Hydrocarbon-based substances like gasoline and parrafin wax do not spontaneously combust with air under normal circumstances. An intense, focused energy input (e.g., a spark) is required to overcome the activation energy for the overall energy-releasing reaction. In some organisms, the oxygen-mediated break down of hydrocarbons and the accompanying release of energy is not activated by intense, focused heat; instead it is activated by enzymes and oxygen free-radicals.
The bacterium Pseudomonas putida oxidizes various alkanes primarily with a membrane-bound enzyme called AlkB that forms a hydrophobic pocket attractive to hydrocarbon-based substrates. The enzyme converts oxygen to free radicals to break down the trapped substrates. This process is capable of providing net energy input for the bacteria. Potential substrates include propane, n-butane, and other alkanes with carbon lengths between 5 and 13. That includes many hydrocarbon components of crude oil.
"Aerobic alkane degraders use O2 as a reactant for the activation of the alkane molecule. The alkane-activating enzymes, which are monooxygenases, overcome the low chemical reactivity of the hydrocabon by generating reactive oxygen species." (Rojo 2009:2478)
"In the case of n-alkanes containing two or more carbon atoms, aerobic degradation usually starts by the oxidation of a terminal methyl group to render a primary alcohol, which is further oxidized to the corresponding aldehyde, and finally converted into a fatty acid. Fatty acids are conjugated to CoA and further processed by b-oxidation to generate acetyl-CoA." (Rojo 2009:2478-9)
"The best-characterized alkane-degradation pathway is that encoded by the OCT plasmid of P. [Pseudomonas] putida GPo1...The first enzyme of this pathway is an integral-membrane non-haem diiron monooxygenase, named AlkB, that hydroxylates alkanes at the terminal position. AlkB requires two soluble electron transfer proteins named rubredoxin (AlkG) and rubredoxin reductase (AlkT). Rubredoxin reductase, via its cofactor FAD, transfers electrons from NADH to the rubredoxin, which in turn transfers the electrons to AlkB." (Rojo 2009:2479-80)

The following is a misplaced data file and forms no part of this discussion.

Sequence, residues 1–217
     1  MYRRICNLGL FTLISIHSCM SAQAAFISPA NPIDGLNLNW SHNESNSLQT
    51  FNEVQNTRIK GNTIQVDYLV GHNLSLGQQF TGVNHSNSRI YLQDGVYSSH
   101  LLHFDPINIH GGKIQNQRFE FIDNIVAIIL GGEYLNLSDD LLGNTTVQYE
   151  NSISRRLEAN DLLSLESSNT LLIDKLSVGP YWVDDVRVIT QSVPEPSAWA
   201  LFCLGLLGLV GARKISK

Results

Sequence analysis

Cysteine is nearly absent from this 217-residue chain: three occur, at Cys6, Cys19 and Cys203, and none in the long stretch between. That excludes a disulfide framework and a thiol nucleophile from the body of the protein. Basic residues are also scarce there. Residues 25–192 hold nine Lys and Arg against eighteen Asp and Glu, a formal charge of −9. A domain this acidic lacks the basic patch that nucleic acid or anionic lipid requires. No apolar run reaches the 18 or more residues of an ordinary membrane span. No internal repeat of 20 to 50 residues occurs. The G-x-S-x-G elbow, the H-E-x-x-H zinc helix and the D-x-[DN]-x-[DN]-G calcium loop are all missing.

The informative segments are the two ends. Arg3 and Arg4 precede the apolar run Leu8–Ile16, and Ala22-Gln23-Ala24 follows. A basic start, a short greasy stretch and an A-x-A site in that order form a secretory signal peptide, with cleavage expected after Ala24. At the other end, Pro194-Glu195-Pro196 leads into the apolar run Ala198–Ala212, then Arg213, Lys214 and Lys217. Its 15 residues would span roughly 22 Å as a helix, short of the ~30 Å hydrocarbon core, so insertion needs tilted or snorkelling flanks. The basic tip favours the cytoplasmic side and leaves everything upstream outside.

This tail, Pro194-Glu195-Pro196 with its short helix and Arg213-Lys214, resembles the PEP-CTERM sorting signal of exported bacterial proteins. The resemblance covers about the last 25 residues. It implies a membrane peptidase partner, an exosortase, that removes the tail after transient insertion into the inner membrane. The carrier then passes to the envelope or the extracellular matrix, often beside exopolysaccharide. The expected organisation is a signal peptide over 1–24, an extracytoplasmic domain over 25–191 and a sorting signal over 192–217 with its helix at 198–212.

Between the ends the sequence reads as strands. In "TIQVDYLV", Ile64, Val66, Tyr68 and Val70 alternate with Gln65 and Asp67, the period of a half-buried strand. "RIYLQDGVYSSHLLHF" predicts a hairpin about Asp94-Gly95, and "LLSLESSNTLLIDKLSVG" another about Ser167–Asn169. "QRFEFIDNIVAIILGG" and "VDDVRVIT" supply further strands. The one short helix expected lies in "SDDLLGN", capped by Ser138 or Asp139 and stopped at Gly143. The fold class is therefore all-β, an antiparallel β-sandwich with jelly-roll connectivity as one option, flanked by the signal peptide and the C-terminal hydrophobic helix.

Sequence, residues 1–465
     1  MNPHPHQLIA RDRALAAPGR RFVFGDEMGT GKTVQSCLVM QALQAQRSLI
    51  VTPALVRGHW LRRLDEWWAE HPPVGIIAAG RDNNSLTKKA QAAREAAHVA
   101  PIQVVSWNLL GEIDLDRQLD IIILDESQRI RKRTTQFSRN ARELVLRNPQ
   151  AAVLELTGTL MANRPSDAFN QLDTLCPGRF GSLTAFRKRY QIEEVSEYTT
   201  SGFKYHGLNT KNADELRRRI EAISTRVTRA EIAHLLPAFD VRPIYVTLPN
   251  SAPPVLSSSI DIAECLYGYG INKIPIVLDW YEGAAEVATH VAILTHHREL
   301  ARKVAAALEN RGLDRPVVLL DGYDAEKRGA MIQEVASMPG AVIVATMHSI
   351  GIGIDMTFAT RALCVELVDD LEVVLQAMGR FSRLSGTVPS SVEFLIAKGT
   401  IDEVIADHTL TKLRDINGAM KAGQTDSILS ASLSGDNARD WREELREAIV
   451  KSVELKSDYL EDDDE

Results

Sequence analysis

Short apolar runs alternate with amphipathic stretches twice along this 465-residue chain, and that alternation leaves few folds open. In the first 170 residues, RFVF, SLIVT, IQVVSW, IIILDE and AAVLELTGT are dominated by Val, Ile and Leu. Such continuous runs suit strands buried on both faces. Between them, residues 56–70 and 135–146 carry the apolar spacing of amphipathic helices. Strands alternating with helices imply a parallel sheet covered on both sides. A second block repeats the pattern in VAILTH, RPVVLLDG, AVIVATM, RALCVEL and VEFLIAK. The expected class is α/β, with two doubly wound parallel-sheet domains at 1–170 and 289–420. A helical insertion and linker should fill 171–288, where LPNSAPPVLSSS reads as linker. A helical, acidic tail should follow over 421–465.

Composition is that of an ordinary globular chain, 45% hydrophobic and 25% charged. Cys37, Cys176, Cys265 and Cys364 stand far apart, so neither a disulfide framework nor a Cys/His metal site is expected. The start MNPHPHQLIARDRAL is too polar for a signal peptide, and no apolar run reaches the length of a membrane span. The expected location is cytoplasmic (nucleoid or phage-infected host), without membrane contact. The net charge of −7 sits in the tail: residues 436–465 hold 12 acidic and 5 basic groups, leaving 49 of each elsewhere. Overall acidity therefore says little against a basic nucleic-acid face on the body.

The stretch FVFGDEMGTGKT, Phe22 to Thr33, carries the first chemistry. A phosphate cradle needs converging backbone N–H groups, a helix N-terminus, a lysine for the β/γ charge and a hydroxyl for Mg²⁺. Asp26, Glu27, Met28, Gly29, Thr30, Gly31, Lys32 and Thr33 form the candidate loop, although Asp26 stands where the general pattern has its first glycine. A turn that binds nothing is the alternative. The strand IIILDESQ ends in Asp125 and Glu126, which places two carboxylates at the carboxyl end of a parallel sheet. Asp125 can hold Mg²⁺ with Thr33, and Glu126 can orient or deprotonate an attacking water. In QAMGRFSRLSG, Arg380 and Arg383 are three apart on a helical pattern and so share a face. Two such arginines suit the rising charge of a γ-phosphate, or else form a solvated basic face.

"[AlkB has] six transmembrane segments and a catalytic site that faces the cytoplasm. The active site includes four His-containing sequence motives...which chelate two iron atoms...The diiron cluster allows the O2-dependent activation of the alkane through a substrate radical intermediate...One of the O2 atoms is transferred to the terminal methyl group of the alkane, rendering an alcohol, while the other one is reduced to H2O by electrons transferred by the rubredoxin...The P. putida GPo1 AlkB alkane hydroxylase can oxidize propane, n-butane, as well as C5 to C13 alkanes...All these alkanes can also support growth. Methane, ethane, or alkanes longer than C13, are not oxidized...AlkB has been proposed to contain a deep hydrophobic pocket formed by the six transmembrane helices; the alkane molecule should slide into this pocket until the terminal methyl group is correctly positioned relative to the His residues that chelate the iron atoms. Amino acids with bulky side-chains protruding into the hydrophobic pocket can impose a limit to the size of the alkane molecule that can slide into the pocket and still allow a proper alignment of the terminal methyl group with the catalytic His residues. Substitution of these amino acids by residues with less bulky side-chains allows larger alkanes to fit in place into the hydrophobic pocket." (Rojo 2009:2480)